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Stephenie Overman has written about workplace and health issues for Fortune.com, HR Magazine, Employee Benefits News, the Los Angeles Business Journal, and Bulletin to Management. In addition to being author of the book “Next-Generation Wellness at Work,” (Praeger Publishing) she has been editor of Staffing Management and Executive Talent magazines. She was senior writer in the Society for Human Resource Management’s publication department. She has a bachelor’s degree in journalism and political science from Ball State University and a master’s degree in labor studies from the University of the District of Columbia. She taught news writing at Rutgers University.
You can’t afford to let your hiring decisions rest on a leap of faith. Employing a dishonest or unfit individual, especially one who has access to patients’ health information, is a prescription for a legal and financial nightmare.
The good news is that mastering three critical steps â application, interview and references â can ensure that you hire safely and efficiently, according to Lester S. Rosen, author of “The Safe Hiring Manual.”
Begin your hiring process by making sure each job candidate fills out the application completely and by reviewing applications carefully. Note any employment gaps or inconsistencies and be prepared to ask about them during the interview.
Be sure to include language that states that if anything on the application is later found to be incorrect or untrue the individual may be fired immediately. However, the application is not the place to ask applicants if they have been convicted of a crime, advises Rosen, who is founder and CEO of Employment Screening Resources (ESR).
Employers tend to think it’s important to find out at the start if a candidate has a criminal record, and if the answer is yes, to toss that application into the trash. But that potentially creates lawsuits, Rosen says, citing a growing “ban the box” movement to remove the check-box question: Have you ever been convicted of a crime?
“If someone is otherwise qualified, at least give the person a chance to present his/her case during the interview,” Rosen says. “You can’t just say because you have a criminal record you can’t work here. It depends on the type of crime, the type of job, how serious the crime was, how old the crime, was.”
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After thoroughly reviewing applications, it’s time for preliminary phone conversations to winnow the list. Ask each candidate the same list of questions; if the candidate appears to meet the initial criteria then schedule an interview.
When it comes time for the face-to-face interview, a two-step process often works best, with the office manager conducting the initial interview, followed by an interview with you and another staff member. That helps temper any unconscious bias one individual interviewer may have.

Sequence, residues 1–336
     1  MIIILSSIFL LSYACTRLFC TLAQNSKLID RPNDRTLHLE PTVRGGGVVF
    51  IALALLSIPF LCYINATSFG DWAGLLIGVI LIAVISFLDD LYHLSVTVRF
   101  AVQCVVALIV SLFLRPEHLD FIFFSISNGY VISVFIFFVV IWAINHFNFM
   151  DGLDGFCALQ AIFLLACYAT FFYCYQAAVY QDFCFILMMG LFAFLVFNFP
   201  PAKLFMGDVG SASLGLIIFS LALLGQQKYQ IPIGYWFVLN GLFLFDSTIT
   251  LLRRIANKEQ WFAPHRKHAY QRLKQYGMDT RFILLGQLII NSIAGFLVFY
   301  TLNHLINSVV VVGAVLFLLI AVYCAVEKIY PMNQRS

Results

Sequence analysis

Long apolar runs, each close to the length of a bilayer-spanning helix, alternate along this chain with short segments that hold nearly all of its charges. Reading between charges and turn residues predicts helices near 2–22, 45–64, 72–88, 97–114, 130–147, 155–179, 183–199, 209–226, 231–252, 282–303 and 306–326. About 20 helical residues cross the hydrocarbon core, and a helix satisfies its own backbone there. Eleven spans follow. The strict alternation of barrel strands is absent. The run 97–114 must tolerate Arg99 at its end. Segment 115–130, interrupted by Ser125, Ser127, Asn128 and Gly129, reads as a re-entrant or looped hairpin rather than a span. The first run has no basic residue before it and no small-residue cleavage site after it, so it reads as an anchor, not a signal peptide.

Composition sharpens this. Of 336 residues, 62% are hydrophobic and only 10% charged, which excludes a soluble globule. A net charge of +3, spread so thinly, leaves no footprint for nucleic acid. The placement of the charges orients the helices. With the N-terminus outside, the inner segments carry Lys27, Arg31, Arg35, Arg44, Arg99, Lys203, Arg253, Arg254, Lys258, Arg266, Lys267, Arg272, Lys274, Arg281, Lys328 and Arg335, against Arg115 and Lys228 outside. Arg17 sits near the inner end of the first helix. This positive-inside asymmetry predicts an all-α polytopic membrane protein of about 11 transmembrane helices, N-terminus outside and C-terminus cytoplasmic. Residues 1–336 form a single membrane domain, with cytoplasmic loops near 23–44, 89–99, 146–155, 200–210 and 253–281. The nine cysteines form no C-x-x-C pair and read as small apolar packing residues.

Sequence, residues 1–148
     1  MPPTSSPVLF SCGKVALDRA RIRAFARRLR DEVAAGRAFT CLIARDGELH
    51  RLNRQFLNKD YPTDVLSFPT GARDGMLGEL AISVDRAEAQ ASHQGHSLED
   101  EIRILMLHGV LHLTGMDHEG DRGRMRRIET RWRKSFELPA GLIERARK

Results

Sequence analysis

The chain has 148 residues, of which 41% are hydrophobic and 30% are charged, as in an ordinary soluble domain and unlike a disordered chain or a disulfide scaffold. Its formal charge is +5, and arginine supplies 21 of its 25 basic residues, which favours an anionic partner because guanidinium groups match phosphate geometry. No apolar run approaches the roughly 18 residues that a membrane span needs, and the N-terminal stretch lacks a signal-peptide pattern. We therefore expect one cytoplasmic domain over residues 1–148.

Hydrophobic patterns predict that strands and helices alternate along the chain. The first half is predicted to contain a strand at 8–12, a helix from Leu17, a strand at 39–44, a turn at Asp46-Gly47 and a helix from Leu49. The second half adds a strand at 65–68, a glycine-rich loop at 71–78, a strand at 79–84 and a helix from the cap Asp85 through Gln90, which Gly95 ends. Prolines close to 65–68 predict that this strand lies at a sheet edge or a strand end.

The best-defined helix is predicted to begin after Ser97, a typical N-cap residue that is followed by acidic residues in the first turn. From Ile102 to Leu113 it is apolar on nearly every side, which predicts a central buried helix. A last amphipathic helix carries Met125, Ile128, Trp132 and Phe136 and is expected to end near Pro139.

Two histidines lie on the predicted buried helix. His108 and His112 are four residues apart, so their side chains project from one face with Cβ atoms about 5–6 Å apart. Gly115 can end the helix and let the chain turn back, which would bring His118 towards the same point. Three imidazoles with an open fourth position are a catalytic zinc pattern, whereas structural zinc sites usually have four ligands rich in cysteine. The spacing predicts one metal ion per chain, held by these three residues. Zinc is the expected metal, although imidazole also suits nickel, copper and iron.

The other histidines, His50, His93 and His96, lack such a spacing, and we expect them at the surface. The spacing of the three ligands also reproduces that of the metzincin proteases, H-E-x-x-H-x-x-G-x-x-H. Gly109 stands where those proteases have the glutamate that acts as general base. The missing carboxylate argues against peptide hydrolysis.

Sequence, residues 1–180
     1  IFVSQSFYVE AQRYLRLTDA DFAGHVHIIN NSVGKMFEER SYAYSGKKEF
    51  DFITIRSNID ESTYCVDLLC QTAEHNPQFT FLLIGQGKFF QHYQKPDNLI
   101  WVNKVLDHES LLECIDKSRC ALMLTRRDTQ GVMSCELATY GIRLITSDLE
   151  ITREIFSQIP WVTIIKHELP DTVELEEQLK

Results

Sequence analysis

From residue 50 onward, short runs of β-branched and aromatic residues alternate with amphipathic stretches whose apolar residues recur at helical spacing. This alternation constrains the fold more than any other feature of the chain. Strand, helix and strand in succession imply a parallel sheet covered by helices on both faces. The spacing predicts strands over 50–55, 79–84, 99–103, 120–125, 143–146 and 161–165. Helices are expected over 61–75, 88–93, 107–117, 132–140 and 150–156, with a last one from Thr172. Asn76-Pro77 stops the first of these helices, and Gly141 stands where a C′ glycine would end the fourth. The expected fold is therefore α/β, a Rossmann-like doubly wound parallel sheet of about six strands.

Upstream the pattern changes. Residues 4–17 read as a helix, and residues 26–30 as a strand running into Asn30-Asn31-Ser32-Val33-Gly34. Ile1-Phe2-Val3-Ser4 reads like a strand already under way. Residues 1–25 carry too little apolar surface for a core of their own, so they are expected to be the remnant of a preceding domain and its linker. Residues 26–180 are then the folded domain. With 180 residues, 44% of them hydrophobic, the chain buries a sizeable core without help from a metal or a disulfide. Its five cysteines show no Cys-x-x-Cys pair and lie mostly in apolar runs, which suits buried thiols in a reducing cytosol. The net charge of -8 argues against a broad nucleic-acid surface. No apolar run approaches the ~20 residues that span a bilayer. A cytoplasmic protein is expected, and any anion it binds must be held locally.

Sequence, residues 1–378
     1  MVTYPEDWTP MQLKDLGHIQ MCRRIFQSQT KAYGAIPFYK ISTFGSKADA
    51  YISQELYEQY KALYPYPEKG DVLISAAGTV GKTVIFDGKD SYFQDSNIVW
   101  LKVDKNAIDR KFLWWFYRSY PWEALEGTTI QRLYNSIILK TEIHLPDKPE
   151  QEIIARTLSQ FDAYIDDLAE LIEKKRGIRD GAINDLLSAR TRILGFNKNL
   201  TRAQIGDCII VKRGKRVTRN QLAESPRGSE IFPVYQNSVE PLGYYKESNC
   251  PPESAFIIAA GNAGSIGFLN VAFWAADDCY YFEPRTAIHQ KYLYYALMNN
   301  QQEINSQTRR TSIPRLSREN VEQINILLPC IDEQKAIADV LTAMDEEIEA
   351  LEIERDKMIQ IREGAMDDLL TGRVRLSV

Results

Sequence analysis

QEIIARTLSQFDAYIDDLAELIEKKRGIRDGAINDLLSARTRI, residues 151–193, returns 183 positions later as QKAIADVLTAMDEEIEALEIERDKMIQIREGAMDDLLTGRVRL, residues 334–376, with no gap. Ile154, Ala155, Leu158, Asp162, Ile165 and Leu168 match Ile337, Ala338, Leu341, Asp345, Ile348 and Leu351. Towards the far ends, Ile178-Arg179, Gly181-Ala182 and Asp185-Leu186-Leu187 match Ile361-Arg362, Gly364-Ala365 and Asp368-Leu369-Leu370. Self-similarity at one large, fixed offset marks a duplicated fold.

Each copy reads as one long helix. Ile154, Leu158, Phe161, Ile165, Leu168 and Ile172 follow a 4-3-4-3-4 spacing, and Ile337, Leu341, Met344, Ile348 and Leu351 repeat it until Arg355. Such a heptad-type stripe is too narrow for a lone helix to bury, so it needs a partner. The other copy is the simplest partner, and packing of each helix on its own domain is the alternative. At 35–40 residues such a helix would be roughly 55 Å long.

Have an interview plan so that all applicants are asked the same questions and so that you’re able to really listen to each person. Being prepared also helps you avoid illegal questions about race, gender, ethnicity, family or medical conditions. (ESR’s legal compliance resource www.ESRcheck.com includes a free tool for organizing interview questions.)
You’ll want to have a basic understanding of behavior-based interviewing techniques. “It used to be ‘let us tell you what we want.’ Then it was ‘tell us about yourself.’ That’s not helpful,” Rosen says. With behavior-based interviewing, you ask candidates to describe situations where they solved problems or overcame obstacles.
Behavior-based interview question typically start with: “Tell us about a time whenâ¦” such as: “Tell us about a time when you were working in a dental office and had a disgruntled patient.”
During the interview, let candidates know that you intend to do a background check and will talk with past employers. Ask applicants if there is anything they want to add or correct and address any gaps in their applications.
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You may be tempted to skip reference checking because it can be time consuming, but contacting former employers is perhaps the most critical parts of the hiring process.
“There’s a name for employers who don’t call to check references -defendants in lawsuit or in bankruptcy court,” Rosen says. “First, you want to show you did due diligence. And you want to really verify where a person has been. If you know where they’ve been, that should make you more confident.”
And although former employers often will not go into much detail about a former employee for fear of a lawsuit, they can give you a general idea about the individual.
This is also the time to conduct basic background screening, checking on criminal records and any type of medical sanctions, Rosen says. Be cautious about using social media to check out candidates because you could inadvertently find out something that a candidate might later claim was used to discriminate against him or her.
Internet searches generally are less and less valuable because candidates are more aware that employers are watching. “It’s almost an IQ check,” Rosen says. “A candidate should be smart enough to put anything personal behind a password.”
In the end, you want to hire the best candidate, not just the best candidate who applied. So, “if no one really meets your needs, start over. If three of four candidates are alright, but not what you’re looking for, change your message and try again,” Rosen says. That’s much better that making a huge costly mistake.